I hate to go all morose and contrarian on another “up” day in the markets, but …
Jerome Booth, research director of London-based emerging markets specialist Ashmore Investment Management, makes an interesting point in a Sept. 14 Financial Times column. He posits that global markets are moving, slogging really, through the classic five stages of grief. When we lose a loved one, we follow a pattern described by psychiatrist Elisabeth Kübler-Ross as the five-step model of grief: denial … anger … bargaining … depression … and, finally, acceptance.
Booth applies this to global markets.
As investor relations people making our rounds with investors, we might probe what stage the patient is in, on any particular day, before launching into our story.
What has died, Booth writes, is our complacence in using debt to meet all needs:
Western Europe and the US now face years of painful deleveraging. The loss they feel is the death of the levered model enabling them to live beyond their means, plus a loss of prestige as their economic models have failed.
As an EM guy, Booth says we’ll have to adjust to kowtowing a bit to emerging markets. In the West right now, he writes, we’re in denial:
When faced with a truly awful prospect we explore and then cling to any theory or hope that reality may be different. Even where political leaders understand the immensity of their loss, the denial of their electorates constrains their action.
There are examples of anger – riots in Greece and other nations over economics. And of bargaining to delay unpleasant consequences or sweep them under the rug. Still ahead, perhaps, is the loss of hope a patient feels as depression. And we haven’t seen many signs yet that our leaders – or we the people – have moved on to acceptance of realities so we can deal with what needs to be done.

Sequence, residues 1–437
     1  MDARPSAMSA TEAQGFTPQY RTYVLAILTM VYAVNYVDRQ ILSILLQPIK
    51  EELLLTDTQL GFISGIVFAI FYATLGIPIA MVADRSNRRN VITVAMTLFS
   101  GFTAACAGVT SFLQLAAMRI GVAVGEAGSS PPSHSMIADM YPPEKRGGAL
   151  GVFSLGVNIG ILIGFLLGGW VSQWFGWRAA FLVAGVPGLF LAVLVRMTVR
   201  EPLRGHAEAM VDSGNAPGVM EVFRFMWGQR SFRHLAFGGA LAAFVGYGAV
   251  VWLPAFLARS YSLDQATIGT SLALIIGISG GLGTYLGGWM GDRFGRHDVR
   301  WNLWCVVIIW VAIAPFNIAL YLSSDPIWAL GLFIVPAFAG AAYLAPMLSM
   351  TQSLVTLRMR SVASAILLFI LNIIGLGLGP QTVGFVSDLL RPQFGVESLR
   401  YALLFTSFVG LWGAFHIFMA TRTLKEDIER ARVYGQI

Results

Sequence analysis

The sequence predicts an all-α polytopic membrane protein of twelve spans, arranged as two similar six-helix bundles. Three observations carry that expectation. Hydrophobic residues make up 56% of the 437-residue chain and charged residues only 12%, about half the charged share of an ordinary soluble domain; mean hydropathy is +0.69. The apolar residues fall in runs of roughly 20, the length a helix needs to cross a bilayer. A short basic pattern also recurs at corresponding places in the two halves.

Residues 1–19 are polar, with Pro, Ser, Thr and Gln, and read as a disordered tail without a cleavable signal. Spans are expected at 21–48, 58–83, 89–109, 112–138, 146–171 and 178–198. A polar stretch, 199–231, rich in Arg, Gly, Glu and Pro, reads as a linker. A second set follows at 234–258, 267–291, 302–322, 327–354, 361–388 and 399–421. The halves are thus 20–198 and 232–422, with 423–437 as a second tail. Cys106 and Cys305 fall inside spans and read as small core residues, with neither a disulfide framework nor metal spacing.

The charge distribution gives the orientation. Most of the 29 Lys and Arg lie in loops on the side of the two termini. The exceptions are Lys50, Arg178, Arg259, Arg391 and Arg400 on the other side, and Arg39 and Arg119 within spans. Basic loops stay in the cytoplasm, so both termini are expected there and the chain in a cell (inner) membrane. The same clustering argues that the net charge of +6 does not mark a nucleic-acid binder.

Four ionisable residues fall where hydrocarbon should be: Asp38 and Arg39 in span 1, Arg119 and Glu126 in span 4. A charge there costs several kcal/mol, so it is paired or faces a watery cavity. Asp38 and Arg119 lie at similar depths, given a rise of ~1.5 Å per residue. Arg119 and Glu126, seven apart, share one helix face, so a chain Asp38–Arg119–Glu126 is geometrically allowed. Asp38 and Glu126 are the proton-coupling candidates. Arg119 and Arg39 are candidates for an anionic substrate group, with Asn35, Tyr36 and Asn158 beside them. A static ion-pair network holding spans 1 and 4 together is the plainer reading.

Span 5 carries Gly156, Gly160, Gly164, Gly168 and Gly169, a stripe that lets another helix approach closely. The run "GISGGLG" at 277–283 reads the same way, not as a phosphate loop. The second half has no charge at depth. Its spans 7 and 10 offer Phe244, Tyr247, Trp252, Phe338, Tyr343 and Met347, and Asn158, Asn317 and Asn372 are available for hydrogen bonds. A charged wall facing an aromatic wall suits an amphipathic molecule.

All this is very global and “macro,” but let’s think about how it applies to IR messages about the businesses we speak for:
- Above all, are we helping our management teams to avoid living in denial?
- In offering forward-looking views to investors, do we spell out assumptions on the economic factors that drive our particular businesses?
- Do we explain how we plan to perform if the economy stays weak for a long time, vs. signing onto consensus hopes for recovery in H2, or H1 2012, or … ?
- When our stock is beaten-down, do we listen to see if the investor on the line is in the anger stage or depression – or maybe in a place to hear reality and look forward to ways out of the doldrums?
- Do we deal with debt and balance sheet metrics, including strategies for managing the balance sheet, in a way that helps investors understand?
Just a handful of thought-starters. I’m not arguing where investors’ sentiment should be – just saying IR people need to pay attention to where it is.
Mainly, I appreciate Booth’s wry insight into the psychology of today’s happy-nervous-elated-terrified-optimistic-not so sure-ever mercurial stock market. I’d love to hear your reactions.